By Judy Rickard, author, Torn Apart: United by Love, Divided by Law, Findhorn Press, 2011
When my Everest ancestors reached Hilgard Junction, they would have been glad to rest at this mountain crossing. Every wagon moving west had to maneuver downhill from what is known today as La Grande. So most emigrants camped here before continuing uphill toward Emigrant Springs or Meacham, further west. Evidence of wagon wheels and later stage coaches mark the ground. A display today at Hilgard Junction State Park gives a look at what an overnight stop would look like, with a wagon, oxen yoke, fire pit, tossed off furniture to lighten the wagon load and cattle skulls. The park shows signs of where the wagons came and where later stagecoach route and stop activity took place. It was fun to walk among the trees, glistening with dew, and imagine that no one else was there. In truth, a gay couple with expensive cameras was there at the same time, so we visited a bit. They were taking pictures of nature and were interested in our story of following the Oregon Trail.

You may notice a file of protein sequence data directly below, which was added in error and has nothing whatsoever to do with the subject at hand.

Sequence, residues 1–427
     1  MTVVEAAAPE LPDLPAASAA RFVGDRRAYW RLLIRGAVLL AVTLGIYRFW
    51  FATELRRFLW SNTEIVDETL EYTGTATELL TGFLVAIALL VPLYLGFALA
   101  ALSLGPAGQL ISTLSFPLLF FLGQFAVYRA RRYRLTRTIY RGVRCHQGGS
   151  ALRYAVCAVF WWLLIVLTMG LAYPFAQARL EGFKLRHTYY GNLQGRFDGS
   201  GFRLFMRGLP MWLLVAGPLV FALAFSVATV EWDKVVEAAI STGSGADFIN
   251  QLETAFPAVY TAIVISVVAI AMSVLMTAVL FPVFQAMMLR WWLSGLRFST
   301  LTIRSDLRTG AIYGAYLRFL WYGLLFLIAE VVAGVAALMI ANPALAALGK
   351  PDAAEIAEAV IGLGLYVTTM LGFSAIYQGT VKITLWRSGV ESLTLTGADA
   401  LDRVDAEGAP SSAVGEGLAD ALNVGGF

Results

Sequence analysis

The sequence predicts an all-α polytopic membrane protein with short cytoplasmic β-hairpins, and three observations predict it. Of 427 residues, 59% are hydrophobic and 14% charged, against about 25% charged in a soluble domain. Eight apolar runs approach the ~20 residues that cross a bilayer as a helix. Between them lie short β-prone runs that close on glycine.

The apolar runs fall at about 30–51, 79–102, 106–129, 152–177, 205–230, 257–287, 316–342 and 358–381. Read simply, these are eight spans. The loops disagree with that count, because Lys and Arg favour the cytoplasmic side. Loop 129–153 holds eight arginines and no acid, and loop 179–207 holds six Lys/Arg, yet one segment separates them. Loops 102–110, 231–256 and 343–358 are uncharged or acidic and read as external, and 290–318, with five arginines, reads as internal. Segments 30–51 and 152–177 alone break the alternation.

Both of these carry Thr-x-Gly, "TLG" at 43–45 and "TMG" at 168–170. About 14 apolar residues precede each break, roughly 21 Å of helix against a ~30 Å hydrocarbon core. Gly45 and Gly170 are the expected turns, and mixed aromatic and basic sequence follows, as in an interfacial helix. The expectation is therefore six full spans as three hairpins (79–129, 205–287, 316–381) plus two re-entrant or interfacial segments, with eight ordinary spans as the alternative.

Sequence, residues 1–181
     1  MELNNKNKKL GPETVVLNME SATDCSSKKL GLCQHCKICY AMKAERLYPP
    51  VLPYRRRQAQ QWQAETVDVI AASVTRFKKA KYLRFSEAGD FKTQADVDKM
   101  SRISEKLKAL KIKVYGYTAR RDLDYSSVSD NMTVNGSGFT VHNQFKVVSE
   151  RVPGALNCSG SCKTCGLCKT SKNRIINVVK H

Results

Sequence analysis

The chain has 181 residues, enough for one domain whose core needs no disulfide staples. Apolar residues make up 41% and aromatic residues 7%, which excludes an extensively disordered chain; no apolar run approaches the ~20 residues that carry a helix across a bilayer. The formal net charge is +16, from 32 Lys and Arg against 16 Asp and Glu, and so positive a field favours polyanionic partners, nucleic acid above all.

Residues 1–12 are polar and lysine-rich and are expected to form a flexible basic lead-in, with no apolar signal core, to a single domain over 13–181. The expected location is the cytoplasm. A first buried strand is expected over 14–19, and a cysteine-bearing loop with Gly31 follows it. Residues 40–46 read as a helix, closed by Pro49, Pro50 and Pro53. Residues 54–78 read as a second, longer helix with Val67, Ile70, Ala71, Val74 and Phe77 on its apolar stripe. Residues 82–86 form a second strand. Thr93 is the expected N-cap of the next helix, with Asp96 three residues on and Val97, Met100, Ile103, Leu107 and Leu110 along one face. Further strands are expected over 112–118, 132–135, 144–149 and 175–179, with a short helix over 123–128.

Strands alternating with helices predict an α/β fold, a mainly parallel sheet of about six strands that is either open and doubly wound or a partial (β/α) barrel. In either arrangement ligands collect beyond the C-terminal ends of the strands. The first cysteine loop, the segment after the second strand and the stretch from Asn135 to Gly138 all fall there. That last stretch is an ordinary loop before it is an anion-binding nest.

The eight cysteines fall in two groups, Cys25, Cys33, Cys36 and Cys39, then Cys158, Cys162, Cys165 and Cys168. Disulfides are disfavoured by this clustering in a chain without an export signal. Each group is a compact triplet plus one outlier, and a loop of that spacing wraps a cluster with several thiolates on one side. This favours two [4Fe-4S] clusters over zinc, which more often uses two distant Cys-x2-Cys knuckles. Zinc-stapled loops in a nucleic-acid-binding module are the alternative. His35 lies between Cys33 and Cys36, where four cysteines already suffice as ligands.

It was easy to see that this area would have been a welcome stop for emigrants after the drier lands to the east. After stopping to rest and resupply at Whitman Mission, this terrain allowed the people to gather wood and water and let the animals graze as they moved along the last stretch of their journey west. Another stop nearby, Blue Mountain Crossing interpretive park, shows wagon ruts and interpretive display signs of the Oregon Trail.